This is a static photo of a curious flash, which struck the side of a 70 m high tower at a point 15 m below the top. Some Boys records of the same lightning will be shown in the next pictures [2]. It indicates the downward moving stepped leader and the first main stroke. Some sections of the branching channel can be also seen among the steps. This record is very similar to that of an ideal lightning. In contrast with the first stroke, the branching channel did not flash all over again. It is only a thin line on the picture, because the dart leader is visible only for a very short time.

It is not typical for the channel to flash repeatedly along the entire length during the stepwise propagation. This leader was interrupted before it developed into a main stroke. However, its intensity was not sufficient to produce an image on the photographic film. The program displays several topics when the following items are selected: All items: from Properties of downward leader to Distribution functions. The main stroke: from Development of main stroke to Lightning parameters.

Lightning parameters: to Distribution functions Properties of a downward leader The downward leader brings charge from the cloud and distributes it along the channel. In this case, it is assumed as negative. The specific density of charge q z increases downwards and reaches the highest value at the head of the leader. This charge produces an electric field at the ground surface, whose gradient Eo is directed upwards when the leader channel is negative. High gradients exist only near the head of the leader. This high field determines the direction of propagation of the leader, which is not influenced by the structures on the earth.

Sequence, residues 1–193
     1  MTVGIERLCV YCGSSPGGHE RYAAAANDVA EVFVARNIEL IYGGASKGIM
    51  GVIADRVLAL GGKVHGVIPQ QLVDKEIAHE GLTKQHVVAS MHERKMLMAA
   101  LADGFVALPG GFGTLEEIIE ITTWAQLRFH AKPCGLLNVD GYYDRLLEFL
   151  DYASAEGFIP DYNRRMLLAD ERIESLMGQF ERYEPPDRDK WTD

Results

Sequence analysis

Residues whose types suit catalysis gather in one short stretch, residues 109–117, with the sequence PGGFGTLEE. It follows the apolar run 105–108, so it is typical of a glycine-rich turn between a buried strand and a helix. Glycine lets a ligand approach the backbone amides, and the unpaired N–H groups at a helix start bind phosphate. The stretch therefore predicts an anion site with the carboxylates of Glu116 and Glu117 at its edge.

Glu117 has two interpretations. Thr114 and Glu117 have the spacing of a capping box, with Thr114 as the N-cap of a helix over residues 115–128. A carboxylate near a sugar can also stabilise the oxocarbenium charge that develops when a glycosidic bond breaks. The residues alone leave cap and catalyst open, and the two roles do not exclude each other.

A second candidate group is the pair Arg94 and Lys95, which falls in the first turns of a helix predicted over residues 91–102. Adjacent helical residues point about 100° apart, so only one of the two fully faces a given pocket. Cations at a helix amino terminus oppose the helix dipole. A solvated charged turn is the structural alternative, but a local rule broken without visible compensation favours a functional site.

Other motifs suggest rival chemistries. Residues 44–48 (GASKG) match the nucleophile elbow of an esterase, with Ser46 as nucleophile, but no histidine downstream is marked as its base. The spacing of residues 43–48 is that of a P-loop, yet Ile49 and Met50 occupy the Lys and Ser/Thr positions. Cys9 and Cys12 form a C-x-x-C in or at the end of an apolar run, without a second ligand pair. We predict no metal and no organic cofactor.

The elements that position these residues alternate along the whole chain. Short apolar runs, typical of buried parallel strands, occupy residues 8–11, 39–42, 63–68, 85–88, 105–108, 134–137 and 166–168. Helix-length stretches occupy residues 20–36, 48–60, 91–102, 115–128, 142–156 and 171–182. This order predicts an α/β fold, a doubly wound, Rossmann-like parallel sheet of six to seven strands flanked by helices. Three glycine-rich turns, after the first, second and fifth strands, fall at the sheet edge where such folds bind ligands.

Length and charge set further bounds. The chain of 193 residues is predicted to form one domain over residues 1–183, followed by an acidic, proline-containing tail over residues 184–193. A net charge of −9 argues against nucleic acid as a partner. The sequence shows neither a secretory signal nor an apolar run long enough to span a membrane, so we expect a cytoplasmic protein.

Near the ground surface, the electric field can be assumed homogeneous with a constant gradient Eo that increases proportionally to the specific charge q of the leader channel. Thus, the field strength Eo is also a function of the height z of the head of the leader. This is a leader type in which intensive thermal ionisation exists. Around this thin core is a high radial electric field that produces a corona discharge. The corona extends to a distance where the field gradient is no longer high enough to cause ionisation by electron collision.

The corona envelope has a surprisingly large diameter and stores high amount of charge. Condition of connecting leader A connecting leader can start from a structure on the earth if the field is intensive enough at its top to produce the required conditions. But it does not mean that a pointed rod could force the initiation of a connecting leader, because a corona discharge will be created and its space charge would inhibit the development of a leader channel.

There is consequently no reason to use pointed lightning rods, as was originally thought. Pointed electrodes enhance the field strength over only a small distance, and are therefore not effective. A far extending average gradient is mainly influenced by the height of a structure, which can sufficiently distort the field Eo. The un-distorted field must reach a critical value Ecrit in order to create the initiating condition of the connecting leader.

A connecting leader starts only if the field strength Eo, due to the approaching leader, is higher than Ecrit, depending of the height of the structure. Therefore, the downward leader only needs to produce a lower field gradient Eo to excite a connecting leader. Using the earlier found equations, a relation can be defined between this height, the charge q of leader and the height h of the earth structure.